Also, at the end of The Magician's Nephew we're told of a tree that gets cut down and made into a wardrobe by Digory Kirke.  Lewis writes: "though [Digory] himself did not discover the magic properties of that wardrobe, someone else did" — a sentence which makes no sense if you've not yet read The Lion, the Witch, and the Wardrobe.  But if you have read The Lion, the Witch, and the Wardrobe, this revelation about the origins of the wardrobe is a lovely little explanation of something hitherto unaccounted for. 

So I think it's much better to read the Chronicles in the original publication order, rather than in chronological order.  In fact, if you were trying to read them in strict chronological order you would have to interrupt your reading of The Lion, the Witch, and the Wardrobe and insert The Horse and His Boy into its last chapter, because The Horse and His Boy actually takes place during the time-period covered by The Lion, the Witch, and the Wardrobe

The original publication order, which I recommend, is this:

1.  The Lion, the Witch, and the Wardrobe (1950)
2.  Prince Caspian (1951)
3.  The Voyage of the Dawn Treader (1952)
4.  The Silver Chair (1953)
5.  The Horse and His Boy (1954)
6.  The Magician's Nephew (1955)
7.  The Last Battle (1956)

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Brandon:  Lewis was a vast and prolific writer who published books in many genres.  What are your favorite Lewis books?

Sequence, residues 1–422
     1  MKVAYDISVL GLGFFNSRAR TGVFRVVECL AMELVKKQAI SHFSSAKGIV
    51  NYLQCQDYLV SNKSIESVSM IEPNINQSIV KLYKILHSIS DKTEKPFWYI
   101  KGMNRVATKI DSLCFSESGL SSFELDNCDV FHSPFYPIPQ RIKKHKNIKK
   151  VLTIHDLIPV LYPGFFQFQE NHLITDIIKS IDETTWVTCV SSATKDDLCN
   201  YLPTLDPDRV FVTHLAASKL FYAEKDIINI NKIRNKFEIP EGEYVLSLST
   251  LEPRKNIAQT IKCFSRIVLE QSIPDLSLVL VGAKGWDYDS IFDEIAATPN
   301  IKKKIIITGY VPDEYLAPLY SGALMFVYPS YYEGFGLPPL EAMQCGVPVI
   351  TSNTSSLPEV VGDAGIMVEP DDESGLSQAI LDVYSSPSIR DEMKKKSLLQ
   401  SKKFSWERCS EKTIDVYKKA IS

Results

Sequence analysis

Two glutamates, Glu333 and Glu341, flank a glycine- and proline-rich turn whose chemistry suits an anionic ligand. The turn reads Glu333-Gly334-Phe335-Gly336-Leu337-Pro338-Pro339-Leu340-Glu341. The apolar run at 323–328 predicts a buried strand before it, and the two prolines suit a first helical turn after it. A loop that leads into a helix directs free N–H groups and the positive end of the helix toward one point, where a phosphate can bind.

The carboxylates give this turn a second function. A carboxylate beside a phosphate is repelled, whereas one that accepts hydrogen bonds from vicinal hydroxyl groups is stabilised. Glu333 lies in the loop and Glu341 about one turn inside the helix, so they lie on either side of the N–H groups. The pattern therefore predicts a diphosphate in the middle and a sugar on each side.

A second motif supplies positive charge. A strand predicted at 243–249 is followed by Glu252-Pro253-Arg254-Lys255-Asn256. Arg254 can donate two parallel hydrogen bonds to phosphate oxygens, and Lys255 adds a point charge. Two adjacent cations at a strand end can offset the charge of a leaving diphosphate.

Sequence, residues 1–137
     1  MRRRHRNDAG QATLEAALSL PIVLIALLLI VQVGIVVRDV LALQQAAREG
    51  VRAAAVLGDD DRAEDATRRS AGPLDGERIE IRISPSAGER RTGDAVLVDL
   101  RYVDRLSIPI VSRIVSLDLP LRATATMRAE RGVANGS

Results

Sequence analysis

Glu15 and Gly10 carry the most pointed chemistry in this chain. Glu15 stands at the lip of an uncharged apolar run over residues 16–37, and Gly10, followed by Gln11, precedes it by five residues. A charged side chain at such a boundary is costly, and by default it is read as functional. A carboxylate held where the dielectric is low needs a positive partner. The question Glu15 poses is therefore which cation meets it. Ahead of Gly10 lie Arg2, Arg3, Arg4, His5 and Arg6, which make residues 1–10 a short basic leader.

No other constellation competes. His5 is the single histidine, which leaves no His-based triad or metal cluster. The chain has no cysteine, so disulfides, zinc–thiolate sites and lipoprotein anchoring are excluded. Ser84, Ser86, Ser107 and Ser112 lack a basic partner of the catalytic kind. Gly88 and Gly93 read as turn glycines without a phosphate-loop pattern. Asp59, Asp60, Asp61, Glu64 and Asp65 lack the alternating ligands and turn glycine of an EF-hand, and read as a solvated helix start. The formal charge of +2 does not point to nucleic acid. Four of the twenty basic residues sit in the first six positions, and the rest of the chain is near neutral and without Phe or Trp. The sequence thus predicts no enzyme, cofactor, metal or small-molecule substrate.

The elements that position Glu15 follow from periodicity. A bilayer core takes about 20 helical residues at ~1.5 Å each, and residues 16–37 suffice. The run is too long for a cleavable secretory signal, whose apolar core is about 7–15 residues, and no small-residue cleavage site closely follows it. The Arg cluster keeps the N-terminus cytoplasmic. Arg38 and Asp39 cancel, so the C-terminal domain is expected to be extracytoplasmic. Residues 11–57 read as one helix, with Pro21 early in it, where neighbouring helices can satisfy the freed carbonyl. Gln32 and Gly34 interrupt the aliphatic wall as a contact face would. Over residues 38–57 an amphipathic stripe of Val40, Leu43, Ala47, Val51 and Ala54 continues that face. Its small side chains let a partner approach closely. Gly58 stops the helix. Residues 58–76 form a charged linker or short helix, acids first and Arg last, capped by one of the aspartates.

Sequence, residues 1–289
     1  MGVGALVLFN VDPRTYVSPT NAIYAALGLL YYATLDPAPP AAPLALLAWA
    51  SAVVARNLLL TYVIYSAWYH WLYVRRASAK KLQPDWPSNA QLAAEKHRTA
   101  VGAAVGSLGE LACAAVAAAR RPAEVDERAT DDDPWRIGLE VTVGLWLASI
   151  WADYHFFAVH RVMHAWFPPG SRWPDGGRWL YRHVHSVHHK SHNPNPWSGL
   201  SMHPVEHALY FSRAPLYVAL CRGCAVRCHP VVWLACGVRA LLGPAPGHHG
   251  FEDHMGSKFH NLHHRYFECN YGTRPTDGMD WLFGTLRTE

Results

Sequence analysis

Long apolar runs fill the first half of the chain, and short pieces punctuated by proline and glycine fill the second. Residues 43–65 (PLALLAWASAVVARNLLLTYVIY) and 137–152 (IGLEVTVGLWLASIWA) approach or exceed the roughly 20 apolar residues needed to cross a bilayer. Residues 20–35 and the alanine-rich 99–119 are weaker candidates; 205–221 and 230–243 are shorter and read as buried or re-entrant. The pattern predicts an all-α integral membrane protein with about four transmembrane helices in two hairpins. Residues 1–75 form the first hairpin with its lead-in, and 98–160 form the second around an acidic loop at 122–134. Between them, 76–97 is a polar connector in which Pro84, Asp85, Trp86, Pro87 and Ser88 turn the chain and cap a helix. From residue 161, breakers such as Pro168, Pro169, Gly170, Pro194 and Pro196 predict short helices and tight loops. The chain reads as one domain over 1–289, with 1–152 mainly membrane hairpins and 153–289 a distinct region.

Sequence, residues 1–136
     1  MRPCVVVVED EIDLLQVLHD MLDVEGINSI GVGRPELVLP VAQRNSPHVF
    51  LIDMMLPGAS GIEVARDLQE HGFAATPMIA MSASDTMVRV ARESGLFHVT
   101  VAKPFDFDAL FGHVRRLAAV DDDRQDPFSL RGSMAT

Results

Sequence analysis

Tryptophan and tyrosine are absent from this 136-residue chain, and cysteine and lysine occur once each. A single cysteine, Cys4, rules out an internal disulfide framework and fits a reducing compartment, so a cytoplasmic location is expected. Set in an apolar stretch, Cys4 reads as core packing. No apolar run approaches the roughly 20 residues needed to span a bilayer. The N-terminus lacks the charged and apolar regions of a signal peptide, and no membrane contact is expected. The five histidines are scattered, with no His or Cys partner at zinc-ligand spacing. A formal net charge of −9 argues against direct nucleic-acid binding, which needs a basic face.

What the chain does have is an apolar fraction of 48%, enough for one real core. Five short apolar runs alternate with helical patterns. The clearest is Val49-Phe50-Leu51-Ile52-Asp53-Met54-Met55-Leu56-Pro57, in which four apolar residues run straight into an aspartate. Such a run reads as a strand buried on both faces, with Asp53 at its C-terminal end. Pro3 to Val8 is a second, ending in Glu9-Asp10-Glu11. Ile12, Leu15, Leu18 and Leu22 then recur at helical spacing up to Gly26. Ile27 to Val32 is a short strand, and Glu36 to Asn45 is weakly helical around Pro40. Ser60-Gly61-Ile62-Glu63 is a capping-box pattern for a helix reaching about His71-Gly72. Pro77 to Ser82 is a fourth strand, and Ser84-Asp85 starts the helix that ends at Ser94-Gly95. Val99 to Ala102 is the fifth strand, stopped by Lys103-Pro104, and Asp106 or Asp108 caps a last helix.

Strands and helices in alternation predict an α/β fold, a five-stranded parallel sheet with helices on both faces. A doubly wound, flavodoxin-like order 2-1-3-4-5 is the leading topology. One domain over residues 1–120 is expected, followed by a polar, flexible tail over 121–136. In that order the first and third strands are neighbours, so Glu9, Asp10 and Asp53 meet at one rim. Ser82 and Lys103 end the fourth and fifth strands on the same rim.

Michael Ward:  Among his academic books, I would say Selected Literary Essays, which was compiled by Walter Hooper after Lewis' death and contains many of his finest examples of literary criticism, including pieces on Shakespeare, Jane Austen, John Bunyan, the King James Bible, and even four-letter words.

Among his apologetic works, I would say his sermon, The Weight of Glory, or, being a bit more specific, the second half of his book Miracles or the final chapter of The Four Loves.  All of these are superbly rich and stirring.

Among his fiction, it's a three-way split between That Hideous StrengthThe Voyage of the Dawn Treader, and Till We Have Faces.  If I were forced at the point of the gun to break the tie, I would plump for The Voyage of the Dawn Treader.  If you want to know some of the reasons why I value it so highly, read Planet Narnia!

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Acknowledgement

vogt Brandon Vogt. "C.S. Lewis, Catholicism, and the Narnian Code: An Interview with Michael Ward." Brandonvogt.com (May 13, 2014).

Reprinted with permission from Brandon Vogt.

The Author

ward2ward1Michael Ward is a British scholar, best known for his book Planet Narnia: The Seven Heavens in the Imagination of C. S. Lewis, in which he argues that The Chronicles of Narnia is structured around the seven planets. Ward was born in Cuckfield, and studied at Regent's Park College, Oxford, Peterhouse, Cambridge, Ridley Hall, Cambridge, and the University of St Andrews. He was ordained a priest in the Church of England in 2005, and joined the Roman Catholic Church in 2012. Ward is currently Senior Research Fellow at Blackfriars Hall, Oxford, and Professor of Apologetics at Houston Baptist University. He is the editor of C. S. Lewis at Poets' CornerThe Cambridge Companion to C. S. Lewis (Cambridge Companions to Religion) and Heresies and How to Avoid Them: Why It Matters What Christians Believe. Michael Ward has been an extra in a number of films, including Shadowlands, Hamlet, and The World Is Not Enough.

Copyright © 2014 Brandon Vogt